Microsoft shares soar on news of boss ‘Monkey Boy’ Steve Ballmer's impending retirement
News of a change at the top sends the software behemoth’s shares soaring
Nikhil Kumar is The Independent's New York correspondent. He was formerly assistant editor on the foreign desk and has also done a variety of jobs on the city desk, where he wrote about markets, commodities and other business and economics topics.
Friday 23 August 2013
Microsoft’s barrel-chested chief executive, renowned for his wonderfully over-zealous business presentations, is to retire from the business within the next year, the company said today.
Steve Ballmer, who earned the moniker “Monkey Boy” after arriving on stage jumping and whooping in front of his audience at the company’s 25th anniversary, has more recently come under pressure as the software giant fell behind rivals in the fast-growing market for smart phones and tablets.
Mr Ballmer, the company’s 30th employee, met Microsoft co-founder Bill Gates while both were studying at Harvard University in the 1970s. Joining the young business in 1980, he assumed the reins in 2000 of what by then was a software behemoth after Mr Gates stepped back to become chairman and spend more time working on his charitable foundation.
Unfortunately for investors, his seemingly boundless energy – which landed him in hospital after he reportedly damaged his vocal cords shouting “Windows! Windows!” at a sales meeting in Japan – did nothing for Microsoft, as scrappy Silicon Valley rivals such as Apple and Google colonised the market in new technologies.
News of his retirement sent Microsoft’s shares higher by around 8 per cent at one point in the morning, as the markets welcomed the prospect of a change at the top.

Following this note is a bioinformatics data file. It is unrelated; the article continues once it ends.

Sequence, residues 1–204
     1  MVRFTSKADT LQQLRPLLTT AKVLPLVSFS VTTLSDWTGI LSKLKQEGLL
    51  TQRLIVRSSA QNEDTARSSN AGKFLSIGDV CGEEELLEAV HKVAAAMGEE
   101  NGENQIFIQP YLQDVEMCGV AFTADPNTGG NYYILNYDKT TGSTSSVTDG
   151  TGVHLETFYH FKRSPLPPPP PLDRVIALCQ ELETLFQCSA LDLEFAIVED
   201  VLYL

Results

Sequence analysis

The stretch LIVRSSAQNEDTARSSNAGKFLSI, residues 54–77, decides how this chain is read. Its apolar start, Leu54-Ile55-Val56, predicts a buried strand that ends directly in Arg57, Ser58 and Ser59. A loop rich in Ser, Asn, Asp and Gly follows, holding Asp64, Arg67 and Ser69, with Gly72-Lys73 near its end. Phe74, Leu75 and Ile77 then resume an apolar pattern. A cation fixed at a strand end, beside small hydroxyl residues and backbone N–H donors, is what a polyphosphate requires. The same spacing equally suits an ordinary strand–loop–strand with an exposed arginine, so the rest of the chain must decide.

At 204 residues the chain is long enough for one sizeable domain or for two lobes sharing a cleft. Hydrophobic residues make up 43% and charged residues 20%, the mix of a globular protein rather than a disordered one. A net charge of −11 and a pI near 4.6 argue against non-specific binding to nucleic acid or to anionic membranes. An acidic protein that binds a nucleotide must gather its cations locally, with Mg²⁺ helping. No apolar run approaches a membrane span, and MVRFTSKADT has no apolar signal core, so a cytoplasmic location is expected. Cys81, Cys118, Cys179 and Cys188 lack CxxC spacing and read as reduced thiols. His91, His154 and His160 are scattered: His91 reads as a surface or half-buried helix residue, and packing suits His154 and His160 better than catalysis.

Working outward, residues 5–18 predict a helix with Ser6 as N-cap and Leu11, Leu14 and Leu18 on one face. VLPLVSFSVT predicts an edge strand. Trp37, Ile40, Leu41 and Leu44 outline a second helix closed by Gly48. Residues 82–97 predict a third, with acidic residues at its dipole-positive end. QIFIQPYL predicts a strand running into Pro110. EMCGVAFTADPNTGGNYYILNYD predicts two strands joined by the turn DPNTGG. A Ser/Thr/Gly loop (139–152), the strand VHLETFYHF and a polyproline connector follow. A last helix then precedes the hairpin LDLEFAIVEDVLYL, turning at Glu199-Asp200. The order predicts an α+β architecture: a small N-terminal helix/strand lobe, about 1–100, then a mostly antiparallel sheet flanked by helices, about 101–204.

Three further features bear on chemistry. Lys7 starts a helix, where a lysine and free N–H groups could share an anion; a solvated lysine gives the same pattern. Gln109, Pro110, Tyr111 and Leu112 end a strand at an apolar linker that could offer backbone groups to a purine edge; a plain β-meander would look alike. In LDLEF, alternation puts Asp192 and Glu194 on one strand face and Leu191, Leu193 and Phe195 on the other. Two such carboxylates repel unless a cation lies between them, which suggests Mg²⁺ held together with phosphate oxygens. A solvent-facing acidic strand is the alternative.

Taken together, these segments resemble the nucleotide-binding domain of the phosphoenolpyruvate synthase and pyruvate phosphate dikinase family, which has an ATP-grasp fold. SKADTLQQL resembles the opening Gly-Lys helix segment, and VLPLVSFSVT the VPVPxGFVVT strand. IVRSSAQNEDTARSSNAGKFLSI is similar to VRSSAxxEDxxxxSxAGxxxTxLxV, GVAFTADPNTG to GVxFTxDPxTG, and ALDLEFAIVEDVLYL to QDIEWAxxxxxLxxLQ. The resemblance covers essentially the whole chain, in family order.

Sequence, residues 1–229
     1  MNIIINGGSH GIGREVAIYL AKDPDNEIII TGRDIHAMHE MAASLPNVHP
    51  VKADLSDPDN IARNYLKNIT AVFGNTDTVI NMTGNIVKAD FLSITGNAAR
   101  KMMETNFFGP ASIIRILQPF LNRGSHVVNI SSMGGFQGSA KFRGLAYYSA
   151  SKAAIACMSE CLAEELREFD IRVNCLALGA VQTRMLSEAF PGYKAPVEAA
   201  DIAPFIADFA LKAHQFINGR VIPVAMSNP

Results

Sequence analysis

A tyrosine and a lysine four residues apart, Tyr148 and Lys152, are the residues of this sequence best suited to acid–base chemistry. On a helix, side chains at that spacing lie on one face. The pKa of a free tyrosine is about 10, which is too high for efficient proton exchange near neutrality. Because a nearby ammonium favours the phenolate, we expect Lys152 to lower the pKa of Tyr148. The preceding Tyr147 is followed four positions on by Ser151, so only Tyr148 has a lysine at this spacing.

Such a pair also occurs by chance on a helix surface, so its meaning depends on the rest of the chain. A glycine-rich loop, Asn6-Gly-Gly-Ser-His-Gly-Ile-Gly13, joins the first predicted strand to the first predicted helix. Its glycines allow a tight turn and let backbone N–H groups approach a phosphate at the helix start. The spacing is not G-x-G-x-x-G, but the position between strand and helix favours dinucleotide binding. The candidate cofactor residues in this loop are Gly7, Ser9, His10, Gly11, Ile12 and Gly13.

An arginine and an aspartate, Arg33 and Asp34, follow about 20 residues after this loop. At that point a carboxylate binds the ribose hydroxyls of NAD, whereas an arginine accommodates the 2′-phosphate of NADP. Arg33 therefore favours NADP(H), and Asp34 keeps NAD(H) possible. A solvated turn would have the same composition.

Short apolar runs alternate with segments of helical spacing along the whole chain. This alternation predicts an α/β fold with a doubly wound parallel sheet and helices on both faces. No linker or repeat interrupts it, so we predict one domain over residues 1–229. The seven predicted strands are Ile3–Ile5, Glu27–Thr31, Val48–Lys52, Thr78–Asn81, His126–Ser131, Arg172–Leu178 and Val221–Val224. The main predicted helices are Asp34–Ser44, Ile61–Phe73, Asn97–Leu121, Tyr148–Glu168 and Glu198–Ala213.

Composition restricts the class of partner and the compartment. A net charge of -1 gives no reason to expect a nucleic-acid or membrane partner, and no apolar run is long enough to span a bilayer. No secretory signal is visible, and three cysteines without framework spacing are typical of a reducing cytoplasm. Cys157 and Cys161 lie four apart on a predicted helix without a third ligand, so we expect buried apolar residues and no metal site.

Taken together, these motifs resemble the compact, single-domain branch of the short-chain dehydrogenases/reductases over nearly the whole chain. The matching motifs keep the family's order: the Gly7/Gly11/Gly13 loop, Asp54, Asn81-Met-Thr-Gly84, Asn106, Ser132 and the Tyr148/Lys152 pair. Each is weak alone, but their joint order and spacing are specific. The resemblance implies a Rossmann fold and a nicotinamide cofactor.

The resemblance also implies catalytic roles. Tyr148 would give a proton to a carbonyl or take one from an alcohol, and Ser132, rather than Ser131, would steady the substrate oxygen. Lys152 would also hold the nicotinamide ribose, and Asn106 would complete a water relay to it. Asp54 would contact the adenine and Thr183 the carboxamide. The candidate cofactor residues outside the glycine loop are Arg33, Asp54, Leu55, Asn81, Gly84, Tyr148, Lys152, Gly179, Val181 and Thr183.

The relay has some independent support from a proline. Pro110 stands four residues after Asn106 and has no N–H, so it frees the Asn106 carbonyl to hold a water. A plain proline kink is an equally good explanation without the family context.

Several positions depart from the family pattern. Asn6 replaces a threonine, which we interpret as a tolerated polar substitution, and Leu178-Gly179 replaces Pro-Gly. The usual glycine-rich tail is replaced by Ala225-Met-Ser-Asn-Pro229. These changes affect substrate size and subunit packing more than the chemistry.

Microsoft said Mr Ballmer, whose personal net worth is estimated at around $15bn by Forbes magazine, would leave once a special committee of the board chooses a successor. Mr Gates will help select the company’s next boss.
News of Mr Ballmer’s departure comes on the heels of a company-wide move to reorganise the business, after he set in motion a plan to restructure Microsoft in a way that spurs the development of new products. The sweeping shake-up, unveiled last month, was seen as the company’s newest attempt to play catch-up with rivals.
“There is never a perfect time for this type of transition, but now is the right time,” Mr Ballmer said. “We have embarked on a new strategy with a new organisation and we have an amazing senior leadership team. My original thoughts on timing would have had my retirement happen in the middle of our company’s transformation to a devices and services company. We need a CEO who will be here longer term for this new direction.”
The last year has been a particularly tough one for Mr Ballmer. He spearheaded the launch of the newest avatar of Microsoft’s operating system – Windows 8 – and a line of tablet devices. Neither, however, has had the kind of the success that the company would have hoped for. Last month, it posted quarterly results that were below expectations in terms of both revenues and profits.
- 1 Snoop Dogg and Jared Leto buy a stake in Reddit as A-list invests $50m
- 2 Prince held a Facebook Q&A and this is the only question he answered
- 3 'F*ck it, I quit': KTVA reporter Charlo Greene quits live on air in spectacular fashion
- 4 35,000 walrus gather ashore on north-west Alaska beach 'for a rest'
- 5 A teacher speaks out: 'I'm effectively being forced out of a career that I wanted to love'
Snoop Dogg and Jared Leto buy a stake in Reddit as A-list invests $50m
Prince held a Facebook Q&A and this is the only question he answered
Brad Pitt, on the moment he completely lost his temper with Clint Eastwood's son
Cheryl Cole officially the 'most dangerous celebrity' on the internet
Ebola virus in the US: What are the symptoms, what is it and is there a cure?
Exclusive: 'Putin's Russia has been my biggest regret,' says Nato's outgoing Secretary General
The Osborne Ultimatum: Chancellor’s benefits freeze bombshell will affect ten million households
There’s no excuse for Dave Lee Travis’s behaviour, but we need to keep a sense of proportion
Should gay sex be illegal? 16% of Britons think so
Mark Reckless becomes second Tory MP to defect to Ukip in a month
Benefits 'smart cards' plan revealed by Iain Duncan Smith to stop claimants spending welfare money on alcohol
- < Previous
- Next >
iJobs Money & Business
£18000 - £23000 per annum + Commission: SThree: Real Staffing are currently lo...
NEGOTIABLE: Austen Lloyd: TRUST ACCOUNTANT - KENTIf you are a Chartered Accou...
£18000 - £20000 per annum + OTE £30000: SThree: SThree are a global FTSE 250 b...
Highly Competitive Salary: Austen Lloyd: CITY - Law Costs Draftsperson - NICHE...